Responding to the local situation early on in the pandemic, St Peter & St Paul’s Church in Gosberton (near Spalding), launched their own food bank to help families with school children and other individuals who were struggling to make ends meet.

“We could see that many families around the country would be badly hit by the 'lockdown' and locally headteachers, the Citizen’s Advice Bureau and other agencies confirmed that some families were finding it very hard. We also learned of others who were isolating at home, who were ill or otherwise having a crisis. I was delighted when Michael and Kath Strutt, who attend our church in Gosberton had the determination to get involved and were soon joined by others in putting a plan together,” said Revd Ian Walters.  

Setting up a food bank is no mean feat as it requires knowledge of the rules and regulations on handling food, use-by and sell-by dates and what you cannot give away. There are differences between the establishment of a short-term fix for those in need or a long-term venture in which case you may benefit from registering it as a charity. The team at Gosberton registered the existence of the venture with the district council and various county-wide organisations and the first few days were a crash course in finding out what regulations should be followed, and being up to speed with the frequently updated advice being issued.

The decision made, a team of a dozen or so people, from the church and wider community, including those who learned of the idea via Facebook formed a team to collect, sort, pack and deliver food parcels. The head teachers of three primary schools locally were extremely grateful that we could help the needy families they knew about and some of the food parcels were delivered to the schools for collection. A committed team have been buying, packing and delivering food to people in need in five local villages.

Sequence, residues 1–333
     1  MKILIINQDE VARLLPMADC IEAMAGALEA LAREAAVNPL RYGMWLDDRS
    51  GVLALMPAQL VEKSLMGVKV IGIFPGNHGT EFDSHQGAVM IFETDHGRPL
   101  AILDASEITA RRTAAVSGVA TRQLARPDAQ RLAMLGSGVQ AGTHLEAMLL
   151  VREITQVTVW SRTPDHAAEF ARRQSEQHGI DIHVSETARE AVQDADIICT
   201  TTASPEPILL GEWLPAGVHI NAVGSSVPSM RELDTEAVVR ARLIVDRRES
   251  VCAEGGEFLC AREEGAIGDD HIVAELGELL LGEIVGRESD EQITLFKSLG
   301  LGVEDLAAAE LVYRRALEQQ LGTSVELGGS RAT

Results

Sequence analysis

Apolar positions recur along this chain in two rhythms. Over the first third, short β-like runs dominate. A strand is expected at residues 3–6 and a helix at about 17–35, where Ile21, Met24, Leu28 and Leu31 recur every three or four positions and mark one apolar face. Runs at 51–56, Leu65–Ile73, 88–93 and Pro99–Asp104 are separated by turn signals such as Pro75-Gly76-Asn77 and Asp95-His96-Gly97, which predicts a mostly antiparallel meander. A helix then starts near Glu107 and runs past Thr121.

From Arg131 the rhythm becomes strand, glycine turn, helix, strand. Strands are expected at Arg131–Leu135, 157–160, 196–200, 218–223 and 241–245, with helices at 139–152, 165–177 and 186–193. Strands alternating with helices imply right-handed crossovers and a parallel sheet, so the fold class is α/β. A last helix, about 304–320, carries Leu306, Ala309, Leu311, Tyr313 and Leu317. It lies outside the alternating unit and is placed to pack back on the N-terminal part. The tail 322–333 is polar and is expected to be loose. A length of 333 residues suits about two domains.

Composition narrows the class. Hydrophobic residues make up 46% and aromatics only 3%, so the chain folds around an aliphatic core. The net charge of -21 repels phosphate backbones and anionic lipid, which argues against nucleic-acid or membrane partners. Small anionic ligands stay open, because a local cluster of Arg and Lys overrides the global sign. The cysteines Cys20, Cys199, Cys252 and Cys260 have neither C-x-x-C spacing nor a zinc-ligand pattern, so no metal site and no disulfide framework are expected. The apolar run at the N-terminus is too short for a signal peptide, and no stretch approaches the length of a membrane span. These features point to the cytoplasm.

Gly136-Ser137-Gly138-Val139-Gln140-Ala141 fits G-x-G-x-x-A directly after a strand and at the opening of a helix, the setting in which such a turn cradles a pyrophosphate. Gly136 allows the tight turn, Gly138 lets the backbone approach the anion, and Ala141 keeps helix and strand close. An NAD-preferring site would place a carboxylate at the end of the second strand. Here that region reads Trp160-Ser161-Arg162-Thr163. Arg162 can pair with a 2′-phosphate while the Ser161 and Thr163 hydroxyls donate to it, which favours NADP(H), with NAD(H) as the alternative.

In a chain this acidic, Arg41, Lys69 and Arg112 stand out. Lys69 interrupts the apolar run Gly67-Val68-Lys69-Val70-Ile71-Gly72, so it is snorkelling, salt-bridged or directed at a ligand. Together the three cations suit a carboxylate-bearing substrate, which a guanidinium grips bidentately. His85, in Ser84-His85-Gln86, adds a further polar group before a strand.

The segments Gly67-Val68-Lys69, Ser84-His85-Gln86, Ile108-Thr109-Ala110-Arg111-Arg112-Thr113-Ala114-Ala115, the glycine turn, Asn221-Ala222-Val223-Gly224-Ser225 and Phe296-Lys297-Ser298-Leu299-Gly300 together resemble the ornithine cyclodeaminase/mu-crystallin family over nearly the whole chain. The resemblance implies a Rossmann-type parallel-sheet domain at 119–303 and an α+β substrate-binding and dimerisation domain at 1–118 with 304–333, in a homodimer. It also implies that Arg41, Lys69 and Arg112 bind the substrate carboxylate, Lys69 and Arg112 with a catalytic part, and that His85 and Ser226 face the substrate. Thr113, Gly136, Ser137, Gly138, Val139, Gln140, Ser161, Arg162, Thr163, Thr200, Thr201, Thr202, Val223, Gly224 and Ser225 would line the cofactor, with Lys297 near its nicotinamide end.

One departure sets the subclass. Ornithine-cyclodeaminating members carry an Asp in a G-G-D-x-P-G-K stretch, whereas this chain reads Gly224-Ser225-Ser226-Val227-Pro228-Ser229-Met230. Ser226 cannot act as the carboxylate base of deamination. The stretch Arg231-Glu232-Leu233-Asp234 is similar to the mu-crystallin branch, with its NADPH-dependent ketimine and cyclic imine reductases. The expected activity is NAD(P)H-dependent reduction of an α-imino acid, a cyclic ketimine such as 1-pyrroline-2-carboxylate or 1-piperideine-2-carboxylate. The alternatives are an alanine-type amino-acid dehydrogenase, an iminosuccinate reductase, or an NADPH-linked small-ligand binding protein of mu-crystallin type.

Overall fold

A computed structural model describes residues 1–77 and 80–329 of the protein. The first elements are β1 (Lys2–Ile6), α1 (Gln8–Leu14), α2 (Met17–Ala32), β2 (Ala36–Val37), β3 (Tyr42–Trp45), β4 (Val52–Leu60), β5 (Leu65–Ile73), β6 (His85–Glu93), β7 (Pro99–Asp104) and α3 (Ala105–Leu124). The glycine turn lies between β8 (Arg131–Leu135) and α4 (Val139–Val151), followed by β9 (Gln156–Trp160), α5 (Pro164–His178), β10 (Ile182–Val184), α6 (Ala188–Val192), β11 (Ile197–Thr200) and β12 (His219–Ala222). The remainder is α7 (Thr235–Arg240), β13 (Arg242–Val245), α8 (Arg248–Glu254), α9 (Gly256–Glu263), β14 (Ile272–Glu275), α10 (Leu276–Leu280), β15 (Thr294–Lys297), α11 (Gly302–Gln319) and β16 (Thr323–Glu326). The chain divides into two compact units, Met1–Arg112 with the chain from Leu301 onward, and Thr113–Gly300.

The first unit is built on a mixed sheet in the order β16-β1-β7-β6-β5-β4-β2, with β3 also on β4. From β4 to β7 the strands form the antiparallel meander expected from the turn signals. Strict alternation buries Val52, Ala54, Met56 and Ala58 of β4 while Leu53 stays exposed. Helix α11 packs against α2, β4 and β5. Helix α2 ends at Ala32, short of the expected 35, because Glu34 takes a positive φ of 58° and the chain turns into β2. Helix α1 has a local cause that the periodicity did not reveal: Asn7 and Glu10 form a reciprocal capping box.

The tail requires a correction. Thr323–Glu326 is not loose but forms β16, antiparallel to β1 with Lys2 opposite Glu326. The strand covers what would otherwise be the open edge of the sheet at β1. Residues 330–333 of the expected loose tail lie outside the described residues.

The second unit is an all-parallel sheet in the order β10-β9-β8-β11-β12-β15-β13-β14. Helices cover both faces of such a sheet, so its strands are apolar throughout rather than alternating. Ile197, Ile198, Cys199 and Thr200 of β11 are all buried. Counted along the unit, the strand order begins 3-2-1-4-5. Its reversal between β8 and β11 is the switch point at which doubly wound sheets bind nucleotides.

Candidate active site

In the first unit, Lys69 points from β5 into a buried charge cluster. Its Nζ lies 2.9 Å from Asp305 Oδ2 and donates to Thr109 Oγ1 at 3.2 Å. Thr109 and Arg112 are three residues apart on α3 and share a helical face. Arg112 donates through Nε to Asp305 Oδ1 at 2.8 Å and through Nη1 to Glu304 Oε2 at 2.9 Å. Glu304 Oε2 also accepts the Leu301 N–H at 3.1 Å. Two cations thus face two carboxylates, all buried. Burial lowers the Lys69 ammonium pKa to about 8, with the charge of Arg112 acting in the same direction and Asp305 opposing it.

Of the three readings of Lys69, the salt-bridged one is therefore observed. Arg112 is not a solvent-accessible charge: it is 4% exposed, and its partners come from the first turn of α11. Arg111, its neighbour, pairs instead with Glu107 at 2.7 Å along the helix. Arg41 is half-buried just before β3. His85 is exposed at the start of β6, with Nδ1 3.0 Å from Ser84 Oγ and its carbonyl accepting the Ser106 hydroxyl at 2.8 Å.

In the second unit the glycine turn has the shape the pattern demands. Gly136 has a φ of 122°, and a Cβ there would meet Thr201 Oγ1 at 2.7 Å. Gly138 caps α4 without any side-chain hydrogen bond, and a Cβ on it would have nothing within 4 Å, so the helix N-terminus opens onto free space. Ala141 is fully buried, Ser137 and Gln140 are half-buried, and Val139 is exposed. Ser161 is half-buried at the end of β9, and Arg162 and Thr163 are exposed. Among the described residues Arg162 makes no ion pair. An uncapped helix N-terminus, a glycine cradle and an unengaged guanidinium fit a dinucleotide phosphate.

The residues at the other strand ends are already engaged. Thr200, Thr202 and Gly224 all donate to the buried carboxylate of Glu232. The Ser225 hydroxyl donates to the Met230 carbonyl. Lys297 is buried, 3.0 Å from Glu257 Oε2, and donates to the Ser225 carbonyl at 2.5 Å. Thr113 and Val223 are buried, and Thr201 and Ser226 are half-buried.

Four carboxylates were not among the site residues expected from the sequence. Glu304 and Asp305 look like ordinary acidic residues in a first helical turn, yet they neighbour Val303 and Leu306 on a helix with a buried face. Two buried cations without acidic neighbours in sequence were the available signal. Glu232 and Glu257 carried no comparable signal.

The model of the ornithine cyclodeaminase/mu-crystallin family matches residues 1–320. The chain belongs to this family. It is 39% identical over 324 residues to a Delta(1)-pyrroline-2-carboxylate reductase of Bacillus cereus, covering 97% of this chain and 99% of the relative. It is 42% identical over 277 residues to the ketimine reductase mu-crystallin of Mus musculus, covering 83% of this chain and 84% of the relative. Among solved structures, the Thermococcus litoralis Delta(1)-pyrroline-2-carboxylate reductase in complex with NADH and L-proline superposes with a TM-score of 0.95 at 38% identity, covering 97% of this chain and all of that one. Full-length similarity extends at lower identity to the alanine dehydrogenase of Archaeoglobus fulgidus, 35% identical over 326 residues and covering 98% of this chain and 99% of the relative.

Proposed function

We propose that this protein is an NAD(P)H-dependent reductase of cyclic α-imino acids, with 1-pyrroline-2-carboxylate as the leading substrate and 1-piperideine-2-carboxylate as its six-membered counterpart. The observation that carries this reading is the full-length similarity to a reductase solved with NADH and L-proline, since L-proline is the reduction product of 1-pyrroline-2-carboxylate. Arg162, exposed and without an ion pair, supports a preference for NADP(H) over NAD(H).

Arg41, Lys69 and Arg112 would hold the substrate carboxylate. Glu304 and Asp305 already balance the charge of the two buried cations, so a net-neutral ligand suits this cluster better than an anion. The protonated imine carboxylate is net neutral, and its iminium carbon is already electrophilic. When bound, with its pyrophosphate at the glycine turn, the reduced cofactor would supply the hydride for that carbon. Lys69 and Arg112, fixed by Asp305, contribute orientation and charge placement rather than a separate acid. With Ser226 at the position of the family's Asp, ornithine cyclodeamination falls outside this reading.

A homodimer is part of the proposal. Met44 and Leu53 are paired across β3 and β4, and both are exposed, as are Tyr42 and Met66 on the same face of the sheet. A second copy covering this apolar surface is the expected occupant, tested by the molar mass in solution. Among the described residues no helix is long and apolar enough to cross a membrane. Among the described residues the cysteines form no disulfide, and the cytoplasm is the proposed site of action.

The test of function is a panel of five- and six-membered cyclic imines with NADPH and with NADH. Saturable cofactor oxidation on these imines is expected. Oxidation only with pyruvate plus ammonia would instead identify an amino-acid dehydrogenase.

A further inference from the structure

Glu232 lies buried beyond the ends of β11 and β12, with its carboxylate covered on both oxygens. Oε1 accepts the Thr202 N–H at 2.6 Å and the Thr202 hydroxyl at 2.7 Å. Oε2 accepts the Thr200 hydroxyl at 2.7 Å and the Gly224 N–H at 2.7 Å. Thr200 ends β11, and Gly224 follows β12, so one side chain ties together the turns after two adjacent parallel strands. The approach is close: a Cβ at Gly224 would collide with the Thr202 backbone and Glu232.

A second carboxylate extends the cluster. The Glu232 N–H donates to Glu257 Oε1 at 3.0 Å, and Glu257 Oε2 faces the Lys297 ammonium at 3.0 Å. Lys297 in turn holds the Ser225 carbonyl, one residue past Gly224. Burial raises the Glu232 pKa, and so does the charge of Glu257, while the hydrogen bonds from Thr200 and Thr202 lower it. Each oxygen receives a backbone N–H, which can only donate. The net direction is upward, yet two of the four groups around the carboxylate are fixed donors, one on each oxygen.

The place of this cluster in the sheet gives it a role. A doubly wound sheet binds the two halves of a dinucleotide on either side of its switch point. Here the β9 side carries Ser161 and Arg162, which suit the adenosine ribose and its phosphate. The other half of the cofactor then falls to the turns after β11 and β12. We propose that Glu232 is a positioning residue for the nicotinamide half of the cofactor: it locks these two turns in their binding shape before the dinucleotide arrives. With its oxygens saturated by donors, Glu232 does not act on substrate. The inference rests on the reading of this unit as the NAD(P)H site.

In a short space of time they were helping over 70 families, a figure now slightly reducing and are anticipating continuing the foodbank for the next few months at least. The local Citizen’s Advice, district council and social services have referred new cases to the team, as do concerned neighbours and friends in the area. Local church members have received thank you letters and cards and these and Facebook comments show that the Food Bank has raised the profile of the local churches as people who care and have taken action to help the needy.

Debbie Reynolds, one of the key helpers, said: “Everyone has been very kind and generous and we couldn’t have done this without the donations from local food companies, cash donations from the parish, district and county councils and of course everyone at the church. This was a massive learning curve for all of us and we have learnt so much in so many different areas – planning, logistics, regulations and harnessing the community spirit.  We are thinking of how this might fit into our church mission going into the future as we realise poverty of this nature may be here to stay.”

Debbie says, “If anyone is thinking of doing this from their church, we would be very happy to share our experiences so we can all learn from one another.”

 Please do get in touch with the team via Debbie Reynolds  ([email protected] or Tel 01775 840694) if you would like to learn more about how to run a local food bank, or if you would like to donate to Gosberton Food Bank Food donations can be left at the vicarage or at the church porch in Gosberton.

Money donations can be made by cheque to Gosberton PCC  or online to the account Ref 20-80-78 Ac 30446815 (Put Ref Food Bank)